In the modern age, the world has a vast network of satellites in geostationary orbit that transmit television, radio, even the internet. All of this can now happen in the span of moments. By utilizing space, humanity is now interconnected in a way that it had never been in all of history. This was all thanks to boy who liked to fire rockets from his mother’s farm. Although, he always humbly claimed that if he hadn’t written that paper, someone else would have in the next year or so [Robinson 2].
Before his death at the age of ninety in 2008, he asked that the world always seek three things: extraterrestrial life, cleaner energy sources, and lasting peace [Cordeiro 1]. As always, he believed that all of these things could be found in the stars. Although he will forever be remembered for his accomplishments in fiction, Clarke’s impact on the world through his science will outlast any of his printed books.
Here’s an essay I wrote in my English 101 class, a little story about how I came to the decision to join the Air Force.
There comes a time in all of our lives where, whether we want to or not, we all need to spread our wings and fly out into the world under our own power and be our own people. We don’t have to burn bridges in the process or even forsake the people we were before, but there is always a moment of significant change that, no matter how much we fear it, must happen for us to grow as individuals. For me, this moment was when I decided to join the Air Force.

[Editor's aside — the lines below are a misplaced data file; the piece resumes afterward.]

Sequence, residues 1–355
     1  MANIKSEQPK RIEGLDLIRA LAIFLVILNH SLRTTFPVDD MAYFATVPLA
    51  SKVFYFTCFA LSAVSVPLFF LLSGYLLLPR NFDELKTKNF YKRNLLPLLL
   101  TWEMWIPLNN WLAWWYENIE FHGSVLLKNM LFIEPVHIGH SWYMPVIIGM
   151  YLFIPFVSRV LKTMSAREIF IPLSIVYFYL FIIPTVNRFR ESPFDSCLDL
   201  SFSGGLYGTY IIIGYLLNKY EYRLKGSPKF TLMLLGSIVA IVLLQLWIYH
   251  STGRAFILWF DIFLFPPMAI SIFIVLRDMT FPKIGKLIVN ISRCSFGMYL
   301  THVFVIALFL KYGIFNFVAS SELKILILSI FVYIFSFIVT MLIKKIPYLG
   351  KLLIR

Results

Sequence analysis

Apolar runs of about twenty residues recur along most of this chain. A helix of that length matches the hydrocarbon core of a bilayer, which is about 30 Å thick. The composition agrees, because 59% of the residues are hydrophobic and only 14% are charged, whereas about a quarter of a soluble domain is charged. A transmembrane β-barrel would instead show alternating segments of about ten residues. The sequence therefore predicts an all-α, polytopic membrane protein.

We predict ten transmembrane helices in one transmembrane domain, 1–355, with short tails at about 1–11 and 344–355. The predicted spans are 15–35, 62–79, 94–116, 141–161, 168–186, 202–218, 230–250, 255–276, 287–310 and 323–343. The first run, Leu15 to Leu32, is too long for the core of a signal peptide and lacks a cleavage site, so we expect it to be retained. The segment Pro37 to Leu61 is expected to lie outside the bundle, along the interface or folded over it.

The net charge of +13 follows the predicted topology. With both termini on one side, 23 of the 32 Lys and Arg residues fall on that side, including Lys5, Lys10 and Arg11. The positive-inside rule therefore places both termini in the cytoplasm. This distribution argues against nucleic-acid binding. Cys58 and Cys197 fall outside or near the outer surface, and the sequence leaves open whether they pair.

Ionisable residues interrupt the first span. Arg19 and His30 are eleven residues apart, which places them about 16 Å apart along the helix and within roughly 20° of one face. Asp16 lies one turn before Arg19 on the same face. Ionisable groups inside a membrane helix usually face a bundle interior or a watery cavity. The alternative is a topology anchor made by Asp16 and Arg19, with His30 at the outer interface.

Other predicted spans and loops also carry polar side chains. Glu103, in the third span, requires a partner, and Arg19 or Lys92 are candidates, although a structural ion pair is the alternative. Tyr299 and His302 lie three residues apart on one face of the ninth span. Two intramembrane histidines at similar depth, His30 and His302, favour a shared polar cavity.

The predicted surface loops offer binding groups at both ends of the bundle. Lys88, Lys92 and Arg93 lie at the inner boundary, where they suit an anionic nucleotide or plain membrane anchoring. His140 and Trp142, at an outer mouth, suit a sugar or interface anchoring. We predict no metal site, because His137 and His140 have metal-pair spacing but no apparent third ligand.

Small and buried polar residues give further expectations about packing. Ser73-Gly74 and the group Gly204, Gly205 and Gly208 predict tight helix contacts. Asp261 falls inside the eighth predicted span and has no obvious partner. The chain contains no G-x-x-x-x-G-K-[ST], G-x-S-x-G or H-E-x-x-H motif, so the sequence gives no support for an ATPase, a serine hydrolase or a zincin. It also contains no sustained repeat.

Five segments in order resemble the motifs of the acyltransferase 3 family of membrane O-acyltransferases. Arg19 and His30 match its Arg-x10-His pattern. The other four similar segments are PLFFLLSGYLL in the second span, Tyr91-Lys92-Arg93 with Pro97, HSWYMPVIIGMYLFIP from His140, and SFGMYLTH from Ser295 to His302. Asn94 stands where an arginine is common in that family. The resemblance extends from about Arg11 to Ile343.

At the time, I was living in rural Pennsylvania, working as a telemarketer for a business that had set up shop in a mall an agonizing forty-five minute drive away. The job was decent for a recent high school graduate, and it paid much better than my previous job as a bus boy for a local restaurant.
I was living the mediocrity, making just enough money to go absolutely nowhere in life. And, for the most part, I didn’t hate it. However, somewhere deep down inside, I yearned and craved to be out in the world and doing things that I felt mattered, I just didn’t know how.
As if destiny was listening, a little old lady answered the call of my soul. One day, while at work, there was a power outage and none of us were able to make calls out to our potential customers. We played the waiting game, not-so-eagerly anticipating the power to return. This particular day, I was sitting next to a little old lady; her name escapes me at this moment, but her story doesn’t. She spoke of her grandson who was enlisted in the Air Force. Hearing the stories about how he’d gotten the opportunity to travel around the world, serving the country and helping people, touched that part of my soul that needed to spread its wings. She even went on to tell me about all the benefits he received for his service, tuition assistance, medical, dental, life insurance, just to name a few. My mind was made up from there.